Yes and no, look at the Prius it was designed from the get go to be a hybrid and the plug in version is a huge compromise. Accelerate quickly and the ICE will fire up and continue to run until it reaches min operating temp. Drive it too fast and it needs the ICE to turn, which normally means giving it fuel to burn. The current Fusion and Accord Hybrids on the other hand were designed to be plug in Hybrids from the get go and they can stay in EV mode no matter how hard you push on the pedal or if you go a reasonable freeway speed, at least until you depelete the battery. Their “plain Hybrids” are PHEV with a smaller battery.

        • 0 avatar

          I can’t speak for the Honda, but I do drive the PHEV Fusion, and that’s not quite correct. If you use all of the accelerator, the engine will come on. If you are driving around normally, you’ll almost never start the engine unless you run out of battery. I’ve had mine a little over a year,and I think I’ve unintentionally started the engine four times.

          Any round trip of less than about 20 miles,it’s an EV, unless the temperature is below the mid 30’s. For colder temperatures, the engine is an integral part of the heating system and it will come on periodically.

      • 0 avatar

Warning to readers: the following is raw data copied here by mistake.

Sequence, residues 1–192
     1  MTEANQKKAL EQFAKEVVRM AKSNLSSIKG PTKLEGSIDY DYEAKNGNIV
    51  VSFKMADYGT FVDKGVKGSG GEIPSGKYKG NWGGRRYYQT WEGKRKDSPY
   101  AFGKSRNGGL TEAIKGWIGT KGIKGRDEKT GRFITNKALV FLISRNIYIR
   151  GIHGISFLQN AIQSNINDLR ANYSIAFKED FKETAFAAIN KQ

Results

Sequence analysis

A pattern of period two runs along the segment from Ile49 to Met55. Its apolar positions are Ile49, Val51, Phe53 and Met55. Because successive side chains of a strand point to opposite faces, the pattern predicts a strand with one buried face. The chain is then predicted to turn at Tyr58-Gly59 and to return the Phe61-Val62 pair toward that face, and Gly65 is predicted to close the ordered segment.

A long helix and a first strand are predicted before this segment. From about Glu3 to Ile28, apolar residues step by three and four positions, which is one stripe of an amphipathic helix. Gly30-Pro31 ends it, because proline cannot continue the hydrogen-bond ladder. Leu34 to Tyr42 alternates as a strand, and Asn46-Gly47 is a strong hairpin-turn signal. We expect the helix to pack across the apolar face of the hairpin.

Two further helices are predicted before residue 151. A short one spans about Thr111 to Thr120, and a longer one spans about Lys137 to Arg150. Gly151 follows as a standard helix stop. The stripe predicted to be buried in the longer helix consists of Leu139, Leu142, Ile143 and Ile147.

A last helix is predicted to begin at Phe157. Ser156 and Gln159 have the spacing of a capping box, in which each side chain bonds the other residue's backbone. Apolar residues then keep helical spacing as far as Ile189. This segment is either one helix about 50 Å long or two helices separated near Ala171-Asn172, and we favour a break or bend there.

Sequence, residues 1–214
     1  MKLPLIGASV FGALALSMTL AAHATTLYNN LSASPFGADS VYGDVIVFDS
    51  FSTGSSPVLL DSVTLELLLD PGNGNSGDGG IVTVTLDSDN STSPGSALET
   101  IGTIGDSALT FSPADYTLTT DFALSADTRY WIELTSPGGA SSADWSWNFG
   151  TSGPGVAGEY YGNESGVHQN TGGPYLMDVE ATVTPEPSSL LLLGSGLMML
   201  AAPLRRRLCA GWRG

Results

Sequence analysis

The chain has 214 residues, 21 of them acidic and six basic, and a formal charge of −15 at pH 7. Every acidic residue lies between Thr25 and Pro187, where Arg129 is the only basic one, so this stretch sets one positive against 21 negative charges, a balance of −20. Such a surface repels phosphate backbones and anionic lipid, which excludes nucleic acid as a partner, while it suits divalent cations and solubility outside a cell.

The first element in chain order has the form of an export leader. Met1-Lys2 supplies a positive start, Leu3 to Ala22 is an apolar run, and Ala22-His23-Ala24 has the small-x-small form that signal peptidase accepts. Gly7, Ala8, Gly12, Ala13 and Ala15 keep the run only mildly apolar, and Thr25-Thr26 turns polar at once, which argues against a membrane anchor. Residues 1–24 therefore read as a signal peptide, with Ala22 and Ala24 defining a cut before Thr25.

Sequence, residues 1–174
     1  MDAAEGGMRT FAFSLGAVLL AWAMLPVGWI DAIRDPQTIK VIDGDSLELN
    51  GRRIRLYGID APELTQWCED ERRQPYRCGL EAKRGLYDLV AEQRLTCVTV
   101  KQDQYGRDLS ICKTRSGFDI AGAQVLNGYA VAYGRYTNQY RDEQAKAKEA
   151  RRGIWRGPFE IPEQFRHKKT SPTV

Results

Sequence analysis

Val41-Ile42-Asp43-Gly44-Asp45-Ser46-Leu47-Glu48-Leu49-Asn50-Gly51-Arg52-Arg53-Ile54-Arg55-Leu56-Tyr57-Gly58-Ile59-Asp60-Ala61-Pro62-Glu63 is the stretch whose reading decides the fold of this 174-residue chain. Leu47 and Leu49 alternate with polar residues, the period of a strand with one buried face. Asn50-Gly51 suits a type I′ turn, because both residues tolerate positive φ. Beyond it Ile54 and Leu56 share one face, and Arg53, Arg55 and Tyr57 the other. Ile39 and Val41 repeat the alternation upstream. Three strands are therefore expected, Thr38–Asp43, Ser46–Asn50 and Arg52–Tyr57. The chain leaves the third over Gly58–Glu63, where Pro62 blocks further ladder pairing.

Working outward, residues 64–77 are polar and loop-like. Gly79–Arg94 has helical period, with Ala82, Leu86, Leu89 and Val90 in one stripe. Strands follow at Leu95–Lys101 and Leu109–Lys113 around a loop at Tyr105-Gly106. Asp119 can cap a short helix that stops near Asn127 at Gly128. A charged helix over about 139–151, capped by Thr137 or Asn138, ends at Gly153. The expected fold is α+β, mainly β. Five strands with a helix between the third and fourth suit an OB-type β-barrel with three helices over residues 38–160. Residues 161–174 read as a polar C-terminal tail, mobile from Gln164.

You’re forgetting about the charging system. PHEVs have a plug and an AC charger, HEVs don’t.

    • 0 avatar

      PHEV’s can be considered as an EV with “Training wheels”. For those who cannot stomach the range limitations of a full BEV, the PHEV is a great alternative.

      It seems odd that analysts would predict an upsurge in PHEV adoption. This is odd both because BEV’s are increasing market share and BEV ranges are set to double for Nissan / GM models in the next few years making their limitations much less of a barrier to adoption

      I think the opposite, BEV’s will retain their sales strength and take off when increased range BEV’s come to market in a few years.

      PHEV’s are suitable for the travelling salesman and service tech who have varied and somewhat unpredictable journey patterns, BEV’s will be suitable for pretty much everyone else.

      • 0 avatar
        SCE to AUX